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Thread: Crock pot wisdom

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    Senior Member Ultralight's Avatar
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    Crock pot wisdom

    I was looking up a recipe for the crock pot, to use this week as a break from nachos.

    When I found this blog by a woman who crocked pot every day for 100 days!

    https://www.laurengreutman.com/15-th...days-straight/

    She had these bits of wisdom, like the order in which you put things in and how to cook chicken and beef differently.

    Do you have any crock pot words of wisdom?
    “I came from a real tough neighborhood. I put my hand in some cement and felt another hand." -- Rodney Dangerfield

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    Senior Member SteveinMN's Avatar
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    I'm afraid my bit of wisdom is to use it only for those few things (generally single-ingredient dishes) that it does well.

    I love the convenience of a crock pot/slow cooker. But, over the years, I've tired of meals that aren't cooked that well because some ingredients need more time than others (so some naturally get overcooked) and of meals that basically start tasting the same to me.

    Put a chicken into a slow cooker, switch it on, and walk away? Winner! Make beans in one (from scratch)? Love them that way. Tex-Mex Beef Casserole or Pork Chops with Cabbage? No thanks. The texture suffers too much for me to enjoy eating those kinds of dishes.
    If Americans expended even a fraction of the energy on civic engagement that we spend on consumer ideology, our democracy would be much healthier. Can you imagine people camping out to vote? -- Charles Roberts, Amherst, Mass., Nov. 25, 2006

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    Senior Member iris lilies's Avatar
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    Quote Originally Posted by SteveinMN View Post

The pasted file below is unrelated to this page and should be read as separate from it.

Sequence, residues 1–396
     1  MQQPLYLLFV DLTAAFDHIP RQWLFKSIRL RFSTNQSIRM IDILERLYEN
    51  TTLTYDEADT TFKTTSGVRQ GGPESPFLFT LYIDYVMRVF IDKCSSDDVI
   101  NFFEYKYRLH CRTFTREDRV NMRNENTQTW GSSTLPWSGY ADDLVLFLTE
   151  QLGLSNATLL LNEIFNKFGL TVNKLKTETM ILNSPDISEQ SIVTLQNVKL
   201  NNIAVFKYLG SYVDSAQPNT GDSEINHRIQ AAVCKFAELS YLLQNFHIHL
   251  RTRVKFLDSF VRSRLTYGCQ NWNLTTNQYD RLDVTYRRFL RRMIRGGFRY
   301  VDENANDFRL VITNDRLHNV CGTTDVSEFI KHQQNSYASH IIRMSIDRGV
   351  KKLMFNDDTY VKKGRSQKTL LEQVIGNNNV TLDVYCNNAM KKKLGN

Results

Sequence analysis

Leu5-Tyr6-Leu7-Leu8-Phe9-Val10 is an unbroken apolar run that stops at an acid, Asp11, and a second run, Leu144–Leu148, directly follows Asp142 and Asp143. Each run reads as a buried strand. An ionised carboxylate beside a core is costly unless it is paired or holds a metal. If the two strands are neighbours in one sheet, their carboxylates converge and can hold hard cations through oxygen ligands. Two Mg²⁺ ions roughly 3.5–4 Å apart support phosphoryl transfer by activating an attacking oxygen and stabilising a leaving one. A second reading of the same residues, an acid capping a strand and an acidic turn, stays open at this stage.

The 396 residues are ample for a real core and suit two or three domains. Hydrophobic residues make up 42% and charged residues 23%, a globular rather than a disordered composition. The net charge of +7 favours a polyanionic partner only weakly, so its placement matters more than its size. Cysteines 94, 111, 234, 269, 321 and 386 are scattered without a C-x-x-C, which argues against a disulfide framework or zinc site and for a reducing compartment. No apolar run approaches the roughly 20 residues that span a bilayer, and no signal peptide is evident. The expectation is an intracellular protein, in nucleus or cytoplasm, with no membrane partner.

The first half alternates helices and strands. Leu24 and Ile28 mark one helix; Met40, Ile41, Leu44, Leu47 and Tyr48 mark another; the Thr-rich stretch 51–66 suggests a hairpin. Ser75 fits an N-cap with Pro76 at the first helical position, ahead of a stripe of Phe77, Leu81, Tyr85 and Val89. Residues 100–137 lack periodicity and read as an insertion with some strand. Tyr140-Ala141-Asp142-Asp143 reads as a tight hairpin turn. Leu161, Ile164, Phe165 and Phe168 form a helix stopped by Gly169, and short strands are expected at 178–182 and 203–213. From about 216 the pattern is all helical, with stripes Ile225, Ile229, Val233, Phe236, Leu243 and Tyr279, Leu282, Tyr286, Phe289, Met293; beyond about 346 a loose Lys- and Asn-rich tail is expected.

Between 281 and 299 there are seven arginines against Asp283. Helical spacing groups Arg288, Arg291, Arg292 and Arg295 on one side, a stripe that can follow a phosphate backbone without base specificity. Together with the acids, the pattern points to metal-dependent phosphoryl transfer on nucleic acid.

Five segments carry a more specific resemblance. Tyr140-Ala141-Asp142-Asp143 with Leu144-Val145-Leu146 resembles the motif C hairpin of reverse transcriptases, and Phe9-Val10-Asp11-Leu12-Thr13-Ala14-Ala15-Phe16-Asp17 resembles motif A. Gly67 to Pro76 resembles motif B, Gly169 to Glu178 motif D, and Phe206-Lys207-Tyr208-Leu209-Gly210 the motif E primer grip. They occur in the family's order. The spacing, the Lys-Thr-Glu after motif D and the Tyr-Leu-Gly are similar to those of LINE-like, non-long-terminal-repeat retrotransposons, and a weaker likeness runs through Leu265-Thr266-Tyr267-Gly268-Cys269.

I'm afraid my bit of wisdom is to use it only for those few things (generally single-ingredient dishes) that it does well.

    I love the convenience of a crock pot/slow cooker. But, over the years, I've tired of meals that aren't cooked that well because some ingredients need more time than others (so some naturally get overcooked) and of meals that basically start tasting the same to me.

    Put a chicken into a slow cooker, switch it on, and walk away? Winner! Make beans in one (from scratch)? Love them that way. Tex-Mex Beef Casserole or Pork Chops with Cabbage? No thanks. The texture suffers too much for me to enjoy eating those kinds of dishes.
    this, so much this!

    the crock is very limited. What it does well it does well, but those things are few.

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    Senior Member Ultralight's Avatar
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    Quote Originally Posted by iris lilies View Post
    What it does well it does well, but those things are few.
    Tell me more.
    “I came from a real tough neighborhood. I put my hand in some cement and felt another hand." -- Rodney Dangerfield

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    Senior Member Ultralight's Avatar
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    I totally understand the "limits of the crock pot" critique. I understand and dig it.

    But do you think that a crock pot could produce...let's say ... ten different damn good meals?
    “I came from a real tough neighborhood. I put my hand in some cement and felt another hand." -- Rodney Dangerfield